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Soil Survey in Lake and Cook Counties

Minnesota's Conservation Showcase






Soil Survey in Lake and Cook Counties

Soil Surveys provide a scientific inventory of one of our most basic and important natural resources, the “soil.” In Minnesota, the Lake and Cook County Soil Survey is moving forward with completing the soil mapping of the private land in these 2 north-eastern Minnesota counties by the fall of 2012. Lake and Cook Counties are situated in the NE tip of Minnesota. The area is comprised of moderately deep coarse, stony soils except for the shoreline of Lake Superior which is predominantly red clay soils.

NRCS Soil Scientist Jeff Kroll examining soil properties in a backhoe pit in Cook County, MN.The National Cooperative Soil Survey Program is a nationwide partnership of federal, regional, state, and local agencies. Agencies involved in this survey include: Lake and Cook Counties; Minnesota Environment and Natural Resources Trust Fund administered by the Legislative-Citizen Commission on Minnesota Resources (LCCMR); Minnesota Board of Water and Soil Resources (BWSR), and the United States Forest Service (USFS), as well as the Natural Resources Conservation Service (NRCS). The survey is also pursuing an agreement with the Grand Portage band of Chippewa.

Scientists on staff in the soil survey include: Jeff Kroll, Project Soil Survey Leader for Lake County Soil Survey; Larissa Schmitt, and Myles Elsen project soil scientists; Roger Risley, MLRA Project Leader (10-4), and Danielle Evans, GIS Specialist, MLRA. Additionally there are contracted soil scientists and details from NRCS employees that come to Lake and Cook County to map. Since the onset of this soil survey a total of 15 employees have been involved.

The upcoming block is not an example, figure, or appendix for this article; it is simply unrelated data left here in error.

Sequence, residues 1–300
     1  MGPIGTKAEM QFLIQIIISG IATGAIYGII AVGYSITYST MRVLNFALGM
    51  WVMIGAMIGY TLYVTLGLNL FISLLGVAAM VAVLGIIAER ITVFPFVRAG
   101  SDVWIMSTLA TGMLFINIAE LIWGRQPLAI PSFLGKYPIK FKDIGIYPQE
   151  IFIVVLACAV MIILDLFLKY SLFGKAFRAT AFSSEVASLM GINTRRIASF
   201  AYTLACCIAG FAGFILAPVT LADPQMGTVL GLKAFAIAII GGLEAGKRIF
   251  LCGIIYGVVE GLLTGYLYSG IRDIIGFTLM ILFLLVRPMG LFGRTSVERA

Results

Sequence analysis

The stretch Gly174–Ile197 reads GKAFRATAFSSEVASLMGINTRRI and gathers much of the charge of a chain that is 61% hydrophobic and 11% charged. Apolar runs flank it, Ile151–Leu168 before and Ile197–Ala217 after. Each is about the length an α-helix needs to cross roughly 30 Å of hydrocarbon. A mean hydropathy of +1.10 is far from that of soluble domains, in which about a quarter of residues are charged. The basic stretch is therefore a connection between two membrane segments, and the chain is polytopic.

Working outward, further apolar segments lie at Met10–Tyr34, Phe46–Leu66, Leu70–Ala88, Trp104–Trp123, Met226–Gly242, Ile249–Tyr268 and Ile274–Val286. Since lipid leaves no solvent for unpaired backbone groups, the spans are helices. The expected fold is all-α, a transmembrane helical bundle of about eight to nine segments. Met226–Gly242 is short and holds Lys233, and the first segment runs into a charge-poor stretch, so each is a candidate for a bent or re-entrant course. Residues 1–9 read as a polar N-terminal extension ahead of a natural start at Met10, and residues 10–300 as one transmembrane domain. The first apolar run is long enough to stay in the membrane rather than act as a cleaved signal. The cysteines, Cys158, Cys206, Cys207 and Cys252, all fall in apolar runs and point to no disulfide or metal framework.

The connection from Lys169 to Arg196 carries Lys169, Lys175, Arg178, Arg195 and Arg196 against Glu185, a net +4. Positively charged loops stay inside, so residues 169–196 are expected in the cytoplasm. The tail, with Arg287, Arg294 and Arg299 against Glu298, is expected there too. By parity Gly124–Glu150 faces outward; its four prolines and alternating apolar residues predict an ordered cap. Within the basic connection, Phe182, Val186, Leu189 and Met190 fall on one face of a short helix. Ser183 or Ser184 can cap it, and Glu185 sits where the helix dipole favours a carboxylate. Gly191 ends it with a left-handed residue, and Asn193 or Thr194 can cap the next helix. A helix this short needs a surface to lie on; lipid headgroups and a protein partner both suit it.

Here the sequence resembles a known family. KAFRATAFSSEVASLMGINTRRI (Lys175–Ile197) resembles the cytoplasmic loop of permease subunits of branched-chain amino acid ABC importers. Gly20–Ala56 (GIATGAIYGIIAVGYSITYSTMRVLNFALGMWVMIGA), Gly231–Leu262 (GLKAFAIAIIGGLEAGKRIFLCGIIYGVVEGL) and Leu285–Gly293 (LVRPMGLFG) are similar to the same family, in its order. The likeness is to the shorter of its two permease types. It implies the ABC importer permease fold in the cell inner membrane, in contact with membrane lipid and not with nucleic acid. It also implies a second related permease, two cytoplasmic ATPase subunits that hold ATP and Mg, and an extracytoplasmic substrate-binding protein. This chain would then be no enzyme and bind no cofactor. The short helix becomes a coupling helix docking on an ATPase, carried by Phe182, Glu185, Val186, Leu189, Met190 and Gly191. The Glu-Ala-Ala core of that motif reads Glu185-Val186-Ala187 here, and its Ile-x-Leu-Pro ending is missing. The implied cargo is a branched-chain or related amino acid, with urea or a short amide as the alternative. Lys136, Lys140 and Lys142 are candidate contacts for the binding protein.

Soil scientists inventory the upper 80 inches of the soil profile. The nature of where this soil survey is being conducted dictates that various methods need to be employed. For daily mapping, the scientists typically use spades or probes to examine the soil profile. In areas containing bedrock near the surface, the scientists occasionally need to utilize a backhoe for excavation.

Field work for the survey runs from the month of May through November. On the average, a typical soil scientist in this survey will map around 35,000 acres/year. The soil survey is divided up into four parts: The private land; the Forest Service land, the Boundary Waters Canoe Area Wilderness and the Grand Portage band of Chippewa Reservation. The private land (field work) will be done by the fall of 2012. A goal of having the completed soil survey information for the private land on the Web Soil Survey has been projected for the spring of 2013.

The Lake and Cook County Soil Survey will be used in part for local watershed projects, location of potential sources for aggregate (sand and gravel), implementation of NRCS farm programs, and utilization of Ecological Site Descriptions (ESD’s), which tie in all environmental aspects for a given site and help sustain forest productivity. Comparative analysis between various plots is a valuable use of the soil survey as well. This analysis is often done by private landowners buying and selling land. The soil survey is one of many tools which facilitate the wise use of natural resources.

For more information regarding the Soil Survey in Minnesota contact Caryl Radatz, State Soil Scientist. Radatz can be reached at 651-602-7861 or via e-mail at:

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